I remember reading a story where the characters had no concept of the word “I”. I can’t remember the title now but at the time I was really impress with the authors ability to get around that word. It wasn’t easy, yet it made a compelling story.

I try to remain conscious of how often I use “I” but I can tell you it’s hard when you are writing something about yourself. I just don’t want it to sound like it’s all about me…but when it is a story all about you…what choice do you have?

I think I will just shut up now before I get myself in far too deep.

You are always a stimulating read.

Nick

April 6th, 2011 | 12:04 AM
Mitch Mitchell:

I remember reading a story like that, probably the same story Nick, and it drove me nuts! lol To me, if you’re writing or telling a story about yourself, as in you’re in it, you’re going to sound really silly without “I”. “Mitch said” instead of “I said’ sounds, well, strangely elitist, as if I don’t exist. At least that’s how I see it. Obviously I won’t be writing for Associated Press any time soon. lol

April 6th, 2011 | 12:27 AM

It’s kind of hard to avoid such repetitions. Being a casual style I would say that this is not a problem, it sounds ok to me.

April 6th, 2011 | 4:43 AM
Mitch Mitchell:

Thanks Mia, and truthfully, I couldn’t have thought of another way of telling the tale without making it all fictional.

April 6th, 2011 | 9:04 AM
Carl:

Never thing about story telling in details, for sure you are write that it is like chord and the rules are like in the music theory, however I don’t think that many people can be good story tellers. It is a gift.

April 6th, 2011 | 9:57 AM
GIochi Winx:

Story telling as an art ? wow it may sound funny at first but after reading our article (post) I totally understand you ))

I think stories are one of the most motivational thing for our clients !

thanks !

April 7th, 2011 | 7:31 AM
Mitch Mitchell:

Well Giochi, stories work for many people in many areas, including business I suppose. And it is an art; just listen to someone trying to tell a story that goes off on tangents or can’t quite close and you’ll see what I mean.

April 7th, 2011 | 10:30 AM

Hi, Mitch.

If a story is an autobiography, how can you not say I? 😉

I think you are one of the best storytellers I have seen online, even if you did not get that Kindle. And I believe being a great storyteller is a great plus in engaging your audience, no matter what industry you are working in. Now, all the rest of us need to do is hone our skills if we have them. 😉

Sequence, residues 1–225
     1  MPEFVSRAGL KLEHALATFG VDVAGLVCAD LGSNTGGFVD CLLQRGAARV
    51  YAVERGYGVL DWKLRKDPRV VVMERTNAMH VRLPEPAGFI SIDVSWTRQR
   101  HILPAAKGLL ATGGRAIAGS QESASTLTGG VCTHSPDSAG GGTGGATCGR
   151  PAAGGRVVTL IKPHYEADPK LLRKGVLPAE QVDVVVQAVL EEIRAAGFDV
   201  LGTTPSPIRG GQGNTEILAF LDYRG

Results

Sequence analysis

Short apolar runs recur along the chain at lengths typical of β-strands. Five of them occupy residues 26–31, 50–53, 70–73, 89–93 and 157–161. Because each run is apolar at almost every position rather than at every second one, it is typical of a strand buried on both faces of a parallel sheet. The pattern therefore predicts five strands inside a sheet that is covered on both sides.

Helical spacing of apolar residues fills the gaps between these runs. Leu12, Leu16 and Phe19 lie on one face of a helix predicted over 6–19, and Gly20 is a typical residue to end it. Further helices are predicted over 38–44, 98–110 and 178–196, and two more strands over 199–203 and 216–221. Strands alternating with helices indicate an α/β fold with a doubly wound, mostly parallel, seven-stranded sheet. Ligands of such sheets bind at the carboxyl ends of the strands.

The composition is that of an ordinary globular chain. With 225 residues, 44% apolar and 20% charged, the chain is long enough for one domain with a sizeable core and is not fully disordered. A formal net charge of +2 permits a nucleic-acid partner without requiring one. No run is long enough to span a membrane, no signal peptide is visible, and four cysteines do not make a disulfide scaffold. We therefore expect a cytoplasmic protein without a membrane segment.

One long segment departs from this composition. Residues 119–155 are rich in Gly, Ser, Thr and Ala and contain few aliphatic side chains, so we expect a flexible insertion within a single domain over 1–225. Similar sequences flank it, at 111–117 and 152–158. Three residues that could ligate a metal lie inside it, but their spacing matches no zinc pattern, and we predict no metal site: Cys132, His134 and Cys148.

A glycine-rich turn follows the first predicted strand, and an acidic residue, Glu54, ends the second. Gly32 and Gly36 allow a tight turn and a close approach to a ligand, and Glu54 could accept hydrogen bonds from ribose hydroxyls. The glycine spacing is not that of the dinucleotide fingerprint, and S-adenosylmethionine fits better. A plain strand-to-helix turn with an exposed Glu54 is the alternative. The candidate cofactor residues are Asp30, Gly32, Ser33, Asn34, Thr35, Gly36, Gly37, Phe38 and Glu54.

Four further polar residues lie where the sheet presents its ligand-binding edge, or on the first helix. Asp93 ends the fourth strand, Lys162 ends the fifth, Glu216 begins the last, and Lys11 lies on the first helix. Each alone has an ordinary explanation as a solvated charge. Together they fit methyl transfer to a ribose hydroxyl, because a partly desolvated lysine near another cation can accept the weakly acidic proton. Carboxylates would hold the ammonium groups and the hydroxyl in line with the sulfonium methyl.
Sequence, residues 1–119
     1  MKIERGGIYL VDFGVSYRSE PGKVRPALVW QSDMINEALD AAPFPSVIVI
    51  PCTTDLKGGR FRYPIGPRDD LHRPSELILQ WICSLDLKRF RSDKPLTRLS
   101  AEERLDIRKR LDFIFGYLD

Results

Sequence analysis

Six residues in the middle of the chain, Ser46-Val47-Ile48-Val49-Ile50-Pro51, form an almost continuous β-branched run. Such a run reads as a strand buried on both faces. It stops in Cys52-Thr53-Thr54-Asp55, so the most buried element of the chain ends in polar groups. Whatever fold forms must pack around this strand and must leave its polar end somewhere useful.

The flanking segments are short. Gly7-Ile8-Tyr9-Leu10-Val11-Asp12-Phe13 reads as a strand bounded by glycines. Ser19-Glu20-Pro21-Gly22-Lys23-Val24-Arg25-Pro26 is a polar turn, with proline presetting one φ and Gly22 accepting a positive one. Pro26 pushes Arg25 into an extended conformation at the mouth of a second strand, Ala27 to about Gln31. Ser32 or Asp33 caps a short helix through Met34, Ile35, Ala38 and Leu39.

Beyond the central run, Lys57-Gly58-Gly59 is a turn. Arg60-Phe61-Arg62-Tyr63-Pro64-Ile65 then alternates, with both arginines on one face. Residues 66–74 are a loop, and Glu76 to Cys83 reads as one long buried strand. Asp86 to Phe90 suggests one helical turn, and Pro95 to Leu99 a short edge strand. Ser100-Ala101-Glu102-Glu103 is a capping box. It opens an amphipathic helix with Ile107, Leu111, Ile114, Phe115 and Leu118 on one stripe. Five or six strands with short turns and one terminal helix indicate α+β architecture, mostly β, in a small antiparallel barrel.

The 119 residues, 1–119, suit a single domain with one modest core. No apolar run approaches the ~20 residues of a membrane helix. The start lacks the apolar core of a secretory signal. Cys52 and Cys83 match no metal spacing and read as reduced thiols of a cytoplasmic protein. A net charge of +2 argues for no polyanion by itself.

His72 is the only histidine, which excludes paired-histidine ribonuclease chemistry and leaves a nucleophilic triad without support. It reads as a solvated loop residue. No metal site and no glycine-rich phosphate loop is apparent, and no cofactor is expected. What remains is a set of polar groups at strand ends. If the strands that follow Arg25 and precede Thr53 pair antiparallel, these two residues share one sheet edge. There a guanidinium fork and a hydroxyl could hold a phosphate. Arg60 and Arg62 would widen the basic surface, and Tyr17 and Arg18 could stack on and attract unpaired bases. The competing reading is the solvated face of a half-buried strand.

April 9th, 2011 | 4:22 AM
Mitch Mitchell:

Thanks Wes; makes not winning the thing feel okay. I can’t say I specifically work on my storytelling, but I had a very good teacher in my dad.

April 9th, 2011 | 8:51 AM
Jessica Sighart:

Wow! Thank you for the compliment, Mitch. It’s much appreciated. I try not to let any rules get in the way of my writing, although now I’ll have to wonder if I use “I” too much for a few minutes. 😉 I don’t think I do, but I suppose it’s possible. I don’t believe in moderating the lengths of my stories or the words I use. when reading the work of others, I often think that what they wrote should have been longer. If people don’t care to read long posts, then they don’t have to read it.

April 9th, 2011 | 8:34 AM
Mitch Mitchell:

Jessica, don’t change a thing about your writing because it’s fun and entertaining. I think if I were writing a book I might work on changing how I write certain things, but in general if it’s about me, I’m using “I”, otherwise it really makes little sense.

April 9th, 2011 | 9:12 AM
Melinda:

It is so hard not to say “I” a million times. I usually write and then go back and restructure the sentences to try to avoid that so it is at least not at the beginning of every sentence.

April 12th, 2011 | 7:53 AM
Mitch Mitchell:

Melinda, I won’t do it if I’m telling my own story, which I do most of the time here. Heck, I’m spending time looking for links to older articles that fit the content I just wrote, and you see how much I write; I almost never go back and change my content, although I do take a quick look to see if I spelled everything correctly. But I never claim perfection; I just want to be better than Sire! lol

April 12th, 2011 | 5:52 PM

I read this post back when you posted it but coudn’t think of anything interesting to say. But, the other day someone required a brief bio from me. After writing it and going back over it, the fact that the dreaded “I” had just peppered the thing was obvious. Remembering this post motivated me to go back and rewrite it to minimize that personal pronoun. The revised version was much more interesting. See what kind of far reaching effects you have on folks!

April 30th, 2011 | 3:43 PM
Mitch Mitchell:

I’ll take credit where I can, Allan. 🙂 Actually, I think it would be interesting to see both versions of what you wrote. Did you go 3rd person?

April 30th, 2011 | 8:52 PM